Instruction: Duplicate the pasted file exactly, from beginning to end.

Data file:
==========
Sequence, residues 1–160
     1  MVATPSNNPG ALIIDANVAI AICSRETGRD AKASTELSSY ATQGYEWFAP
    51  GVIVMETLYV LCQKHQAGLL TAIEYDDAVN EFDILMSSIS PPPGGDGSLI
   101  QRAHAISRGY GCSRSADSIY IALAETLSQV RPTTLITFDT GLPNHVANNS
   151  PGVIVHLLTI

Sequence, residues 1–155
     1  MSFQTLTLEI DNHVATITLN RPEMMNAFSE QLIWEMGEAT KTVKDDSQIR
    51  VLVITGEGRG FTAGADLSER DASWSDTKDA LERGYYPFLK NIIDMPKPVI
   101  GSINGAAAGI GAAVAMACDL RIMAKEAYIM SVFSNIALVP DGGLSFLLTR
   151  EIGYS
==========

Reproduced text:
Sequence, residues 1–160
     1  MVATPSNNPG ALIIDANVAI AICSRETGRD AKASTELSSY ATQGYEWFAP
    51  GVIVMETLYV LCQKHQAGLL TAIEYDDAVN EFDILMSSIS PPPGGDGSLI
   101  QRAHAISRGY GCSRSADSIY IALAETLSQV RPTTLITFDT GLPNHVANNS
   151  PGVIVHLLTI

Sequence, residues 1–155
     1  MSFQTLTLEI DNHVATITLN RPEMMNAFSE QLIWEMGEAT KTVKDDSQIR
    51  VLVITGEGRG FTAGADLSER DASWSDTKDA LERGYYPFLK NIIDMPKPVI
   101  GSINGAAAGI GAAVAMACDL RIMAKEAYIM SVFSNIALVP DGGLSFLLTR
   151  EIGYS